The “People’s Party of the Republic of South Ossetia” opposes the re-opening of Ergneti market (closed by the Georgian authorities in 2004; before that a thriving trade place where thousands of Georgians and South Ossetians connected), which is currently being discussed in the media.
Basing their statement on the position of South Ossetia’s foreign ministry, which “has always been in favour of peaceful settlement of relations with neighbouring Georgia on an equal footing,” representatives of the party conclude that “This means that Georgia must first recognise South Ossetia’s independence and that only in this way relations between Georgia and South Ossetia will be normalised. ”
You can, of course, hang on to the principle of “recognition first, and everything else can follow “. But the chances of reaching any result with this approach are extremely small: in the current political environment, there is not even the slightest hint that recognition will actually take place, while other results, more modest but also more achievable in the near future, do not count and are not being pursued under this vision. In the meantime “relations on an equal basis” does not necessarily have to mean recognition when it comes to everyday, pragmatic issues, but can also be interpreted as equal participation in a given format (as happens e.g. in the Incident Prevention and Response Mechanism (IPRM)).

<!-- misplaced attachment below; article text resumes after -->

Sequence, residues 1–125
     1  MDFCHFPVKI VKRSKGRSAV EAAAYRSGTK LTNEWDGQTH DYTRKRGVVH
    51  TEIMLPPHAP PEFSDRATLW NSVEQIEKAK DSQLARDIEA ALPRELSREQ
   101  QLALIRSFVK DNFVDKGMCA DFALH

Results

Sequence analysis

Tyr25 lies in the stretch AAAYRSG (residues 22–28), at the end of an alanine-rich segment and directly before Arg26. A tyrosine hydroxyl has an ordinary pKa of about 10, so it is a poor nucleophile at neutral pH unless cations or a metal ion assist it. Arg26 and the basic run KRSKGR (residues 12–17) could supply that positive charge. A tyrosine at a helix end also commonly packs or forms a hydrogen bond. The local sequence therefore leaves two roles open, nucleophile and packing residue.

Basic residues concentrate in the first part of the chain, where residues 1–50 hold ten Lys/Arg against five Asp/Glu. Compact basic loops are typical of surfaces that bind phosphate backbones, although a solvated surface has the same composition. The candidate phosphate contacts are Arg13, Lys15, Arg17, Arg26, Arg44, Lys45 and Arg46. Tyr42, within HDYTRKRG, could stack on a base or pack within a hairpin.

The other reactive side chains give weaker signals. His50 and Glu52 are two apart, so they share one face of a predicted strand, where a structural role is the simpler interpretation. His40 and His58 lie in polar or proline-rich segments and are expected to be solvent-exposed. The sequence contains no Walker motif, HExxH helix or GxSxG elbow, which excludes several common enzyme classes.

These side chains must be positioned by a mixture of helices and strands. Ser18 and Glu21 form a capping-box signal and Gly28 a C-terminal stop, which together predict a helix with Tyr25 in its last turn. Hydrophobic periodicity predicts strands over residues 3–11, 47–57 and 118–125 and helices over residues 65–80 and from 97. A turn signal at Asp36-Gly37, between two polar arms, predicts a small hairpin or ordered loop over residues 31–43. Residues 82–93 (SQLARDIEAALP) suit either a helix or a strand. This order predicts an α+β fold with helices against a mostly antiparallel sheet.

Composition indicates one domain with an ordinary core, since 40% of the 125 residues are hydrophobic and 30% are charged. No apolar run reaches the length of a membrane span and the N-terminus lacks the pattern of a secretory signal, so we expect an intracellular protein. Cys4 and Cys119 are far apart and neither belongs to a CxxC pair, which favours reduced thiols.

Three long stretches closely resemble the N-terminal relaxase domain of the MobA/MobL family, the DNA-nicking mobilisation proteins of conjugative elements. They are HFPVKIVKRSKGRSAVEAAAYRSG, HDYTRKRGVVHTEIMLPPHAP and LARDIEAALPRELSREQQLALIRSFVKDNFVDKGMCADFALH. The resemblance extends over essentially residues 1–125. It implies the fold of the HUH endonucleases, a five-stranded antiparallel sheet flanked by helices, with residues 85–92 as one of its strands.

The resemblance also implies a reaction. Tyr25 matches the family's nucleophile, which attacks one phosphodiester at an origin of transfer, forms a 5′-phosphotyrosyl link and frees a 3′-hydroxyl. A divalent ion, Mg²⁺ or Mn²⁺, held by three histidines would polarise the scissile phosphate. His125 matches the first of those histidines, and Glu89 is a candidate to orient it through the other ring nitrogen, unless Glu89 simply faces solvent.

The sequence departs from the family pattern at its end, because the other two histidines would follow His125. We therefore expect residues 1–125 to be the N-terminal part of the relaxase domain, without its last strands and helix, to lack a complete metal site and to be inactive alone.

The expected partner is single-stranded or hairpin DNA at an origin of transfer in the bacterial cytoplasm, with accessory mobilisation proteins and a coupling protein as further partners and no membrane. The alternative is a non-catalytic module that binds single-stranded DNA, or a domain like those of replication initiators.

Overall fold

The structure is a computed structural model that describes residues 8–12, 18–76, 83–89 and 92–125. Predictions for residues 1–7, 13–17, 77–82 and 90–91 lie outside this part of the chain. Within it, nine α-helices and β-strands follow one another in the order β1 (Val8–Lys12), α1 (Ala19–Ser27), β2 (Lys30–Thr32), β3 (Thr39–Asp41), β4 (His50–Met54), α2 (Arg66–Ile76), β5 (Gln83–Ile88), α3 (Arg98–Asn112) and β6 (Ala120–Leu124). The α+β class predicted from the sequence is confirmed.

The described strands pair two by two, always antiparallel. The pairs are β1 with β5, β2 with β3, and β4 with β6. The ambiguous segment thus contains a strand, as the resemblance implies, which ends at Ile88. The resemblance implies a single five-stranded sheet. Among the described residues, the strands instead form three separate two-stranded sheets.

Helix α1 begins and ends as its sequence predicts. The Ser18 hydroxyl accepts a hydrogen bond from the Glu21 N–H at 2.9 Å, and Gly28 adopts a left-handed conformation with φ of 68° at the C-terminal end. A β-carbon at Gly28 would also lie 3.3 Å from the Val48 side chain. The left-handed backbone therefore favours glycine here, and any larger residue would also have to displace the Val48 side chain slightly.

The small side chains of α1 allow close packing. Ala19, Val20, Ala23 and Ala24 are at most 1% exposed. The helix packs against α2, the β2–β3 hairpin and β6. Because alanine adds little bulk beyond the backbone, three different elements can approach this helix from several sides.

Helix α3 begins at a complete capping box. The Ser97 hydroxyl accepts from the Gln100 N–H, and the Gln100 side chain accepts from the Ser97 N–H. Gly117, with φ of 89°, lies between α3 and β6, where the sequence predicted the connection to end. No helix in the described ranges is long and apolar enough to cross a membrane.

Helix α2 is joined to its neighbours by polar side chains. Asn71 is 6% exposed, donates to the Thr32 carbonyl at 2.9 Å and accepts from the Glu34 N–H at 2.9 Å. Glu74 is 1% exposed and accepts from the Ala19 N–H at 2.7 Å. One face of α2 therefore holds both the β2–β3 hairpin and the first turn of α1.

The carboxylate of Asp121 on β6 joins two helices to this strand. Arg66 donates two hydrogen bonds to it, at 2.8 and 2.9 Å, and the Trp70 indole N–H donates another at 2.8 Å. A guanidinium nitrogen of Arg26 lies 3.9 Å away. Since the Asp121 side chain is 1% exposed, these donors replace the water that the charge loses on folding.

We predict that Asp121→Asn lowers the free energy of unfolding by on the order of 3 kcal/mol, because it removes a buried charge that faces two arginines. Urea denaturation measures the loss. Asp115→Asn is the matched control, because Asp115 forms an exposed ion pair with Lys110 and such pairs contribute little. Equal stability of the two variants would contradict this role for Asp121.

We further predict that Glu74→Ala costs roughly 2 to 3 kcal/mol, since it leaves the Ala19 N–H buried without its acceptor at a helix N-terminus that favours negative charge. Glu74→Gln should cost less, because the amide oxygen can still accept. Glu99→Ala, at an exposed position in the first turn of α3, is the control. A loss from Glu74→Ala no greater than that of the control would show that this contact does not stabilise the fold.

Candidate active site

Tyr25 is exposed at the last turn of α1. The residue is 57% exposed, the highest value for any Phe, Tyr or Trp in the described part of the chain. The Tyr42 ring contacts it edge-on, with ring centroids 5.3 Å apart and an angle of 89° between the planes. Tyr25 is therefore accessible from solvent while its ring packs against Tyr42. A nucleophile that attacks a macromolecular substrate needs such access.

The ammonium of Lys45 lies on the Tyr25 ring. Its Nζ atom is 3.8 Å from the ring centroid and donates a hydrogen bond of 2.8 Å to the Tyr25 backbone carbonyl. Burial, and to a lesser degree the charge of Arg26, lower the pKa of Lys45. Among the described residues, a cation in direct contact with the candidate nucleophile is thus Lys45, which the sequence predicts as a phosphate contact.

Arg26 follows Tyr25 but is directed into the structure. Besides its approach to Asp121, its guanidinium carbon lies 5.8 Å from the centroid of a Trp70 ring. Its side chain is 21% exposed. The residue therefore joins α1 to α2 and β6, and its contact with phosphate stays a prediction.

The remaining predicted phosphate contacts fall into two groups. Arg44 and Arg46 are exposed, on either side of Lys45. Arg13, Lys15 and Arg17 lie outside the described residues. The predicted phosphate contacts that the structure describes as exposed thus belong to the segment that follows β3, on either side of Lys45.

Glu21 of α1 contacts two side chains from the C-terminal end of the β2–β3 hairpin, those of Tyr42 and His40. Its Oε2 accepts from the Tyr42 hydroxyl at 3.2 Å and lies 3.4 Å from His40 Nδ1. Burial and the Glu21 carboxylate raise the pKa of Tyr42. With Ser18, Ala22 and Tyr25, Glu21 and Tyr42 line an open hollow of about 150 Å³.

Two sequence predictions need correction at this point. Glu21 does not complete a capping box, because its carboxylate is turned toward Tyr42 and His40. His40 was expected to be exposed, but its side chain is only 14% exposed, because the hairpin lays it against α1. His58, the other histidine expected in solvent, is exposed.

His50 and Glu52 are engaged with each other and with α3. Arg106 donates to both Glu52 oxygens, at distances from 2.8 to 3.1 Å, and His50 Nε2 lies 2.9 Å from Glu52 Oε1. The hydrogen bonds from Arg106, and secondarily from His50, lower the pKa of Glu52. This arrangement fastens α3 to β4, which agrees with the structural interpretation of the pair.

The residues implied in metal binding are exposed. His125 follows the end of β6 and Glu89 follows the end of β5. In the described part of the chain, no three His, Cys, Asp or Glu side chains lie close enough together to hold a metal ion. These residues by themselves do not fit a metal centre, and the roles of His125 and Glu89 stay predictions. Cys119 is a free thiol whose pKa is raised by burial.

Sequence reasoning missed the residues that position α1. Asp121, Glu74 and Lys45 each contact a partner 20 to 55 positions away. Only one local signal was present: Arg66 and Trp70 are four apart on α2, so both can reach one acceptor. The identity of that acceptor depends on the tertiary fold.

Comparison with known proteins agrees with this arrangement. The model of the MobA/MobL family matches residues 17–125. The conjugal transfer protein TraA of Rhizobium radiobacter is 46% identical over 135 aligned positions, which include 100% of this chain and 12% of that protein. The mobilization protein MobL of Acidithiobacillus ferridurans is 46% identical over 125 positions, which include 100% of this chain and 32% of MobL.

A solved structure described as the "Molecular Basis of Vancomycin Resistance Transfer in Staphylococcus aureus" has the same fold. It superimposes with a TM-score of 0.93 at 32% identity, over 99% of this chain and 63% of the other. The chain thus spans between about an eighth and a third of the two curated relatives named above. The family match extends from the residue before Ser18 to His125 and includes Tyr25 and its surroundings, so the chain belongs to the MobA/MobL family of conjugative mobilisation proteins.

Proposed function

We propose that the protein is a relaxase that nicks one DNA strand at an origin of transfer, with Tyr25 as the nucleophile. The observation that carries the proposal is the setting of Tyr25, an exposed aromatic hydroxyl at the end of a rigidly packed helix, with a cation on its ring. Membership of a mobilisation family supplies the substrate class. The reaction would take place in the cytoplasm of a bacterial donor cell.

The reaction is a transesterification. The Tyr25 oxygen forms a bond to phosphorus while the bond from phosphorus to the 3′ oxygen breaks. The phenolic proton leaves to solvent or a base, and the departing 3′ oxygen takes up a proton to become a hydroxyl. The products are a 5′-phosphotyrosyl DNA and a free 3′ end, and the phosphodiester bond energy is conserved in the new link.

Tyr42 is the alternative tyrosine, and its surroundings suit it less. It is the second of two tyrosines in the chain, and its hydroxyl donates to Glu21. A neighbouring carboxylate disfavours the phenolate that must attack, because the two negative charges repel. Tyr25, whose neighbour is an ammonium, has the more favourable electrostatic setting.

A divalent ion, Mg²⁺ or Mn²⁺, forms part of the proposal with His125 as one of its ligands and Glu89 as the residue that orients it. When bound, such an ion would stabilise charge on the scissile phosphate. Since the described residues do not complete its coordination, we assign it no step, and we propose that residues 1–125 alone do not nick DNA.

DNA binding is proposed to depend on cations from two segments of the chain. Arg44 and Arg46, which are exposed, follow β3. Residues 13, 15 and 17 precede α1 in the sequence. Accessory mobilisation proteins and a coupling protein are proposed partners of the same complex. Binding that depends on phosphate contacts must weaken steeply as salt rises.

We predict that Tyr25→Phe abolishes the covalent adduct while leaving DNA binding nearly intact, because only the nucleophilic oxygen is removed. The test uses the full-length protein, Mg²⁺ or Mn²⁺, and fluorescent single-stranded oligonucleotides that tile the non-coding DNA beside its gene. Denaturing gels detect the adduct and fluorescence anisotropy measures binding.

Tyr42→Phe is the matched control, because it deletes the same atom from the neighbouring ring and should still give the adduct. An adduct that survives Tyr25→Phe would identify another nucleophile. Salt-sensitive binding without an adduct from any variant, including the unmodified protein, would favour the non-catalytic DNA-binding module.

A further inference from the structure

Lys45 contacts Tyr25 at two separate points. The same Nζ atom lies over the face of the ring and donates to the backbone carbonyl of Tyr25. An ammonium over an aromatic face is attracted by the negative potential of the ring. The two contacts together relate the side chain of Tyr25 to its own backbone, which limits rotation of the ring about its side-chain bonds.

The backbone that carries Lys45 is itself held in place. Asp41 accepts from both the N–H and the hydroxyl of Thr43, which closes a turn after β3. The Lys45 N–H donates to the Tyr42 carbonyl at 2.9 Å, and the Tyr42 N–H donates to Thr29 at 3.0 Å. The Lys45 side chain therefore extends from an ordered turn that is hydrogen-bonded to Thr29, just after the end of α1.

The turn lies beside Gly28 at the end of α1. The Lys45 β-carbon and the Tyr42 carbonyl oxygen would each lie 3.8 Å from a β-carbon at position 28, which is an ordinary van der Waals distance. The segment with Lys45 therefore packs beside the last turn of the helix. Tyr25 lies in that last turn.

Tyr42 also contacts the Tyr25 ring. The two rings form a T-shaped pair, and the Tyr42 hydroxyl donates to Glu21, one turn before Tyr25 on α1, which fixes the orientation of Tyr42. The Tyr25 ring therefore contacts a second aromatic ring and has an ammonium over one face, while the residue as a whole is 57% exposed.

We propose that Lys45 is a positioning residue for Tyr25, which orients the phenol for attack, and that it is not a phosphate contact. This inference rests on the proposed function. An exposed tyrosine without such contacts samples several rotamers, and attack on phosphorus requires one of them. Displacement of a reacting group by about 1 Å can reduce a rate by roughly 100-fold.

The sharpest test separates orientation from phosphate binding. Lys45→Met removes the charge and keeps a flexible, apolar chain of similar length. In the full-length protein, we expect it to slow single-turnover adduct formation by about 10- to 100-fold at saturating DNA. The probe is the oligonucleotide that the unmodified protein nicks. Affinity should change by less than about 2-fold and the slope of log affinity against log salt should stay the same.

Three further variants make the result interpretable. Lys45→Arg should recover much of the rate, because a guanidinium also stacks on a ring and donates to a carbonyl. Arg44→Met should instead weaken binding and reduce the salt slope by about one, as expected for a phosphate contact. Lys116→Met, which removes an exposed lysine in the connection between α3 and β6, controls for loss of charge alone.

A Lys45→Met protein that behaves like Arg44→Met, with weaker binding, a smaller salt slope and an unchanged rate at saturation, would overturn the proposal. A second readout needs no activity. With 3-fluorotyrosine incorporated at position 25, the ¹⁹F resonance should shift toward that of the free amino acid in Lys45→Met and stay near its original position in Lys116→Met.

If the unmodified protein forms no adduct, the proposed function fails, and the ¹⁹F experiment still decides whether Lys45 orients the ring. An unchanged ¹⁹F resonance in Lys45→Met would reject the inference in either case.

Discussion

In its statement, the People’s Party further notes that “The presence of cheap goods and agricultural products will stagnate the development of local production. Trade relations with the Georgian side will place citizens of South Ossetia in a situation of financial dependence on Georgian traders“. One would be tempted to ask how to local production developed over the past 3 years of complete economic isolation from Georgia? Is really possible to think that tiny South Ossetia, with its limited resources, would economically be better off in isolation, that it can produce all necessary good all by itself? Trade is not only a connecting factor, but also a necessary component of any healthy economic system. And financial dependence will appear as much on the side of Georgian producers and traders as it will, possibly, on that of Ossetian buyers. But on the forefront of the debate I would like to place not interdependence (a completely healthy phenomenon between neighbours), but the development of mutually beneficial relationships!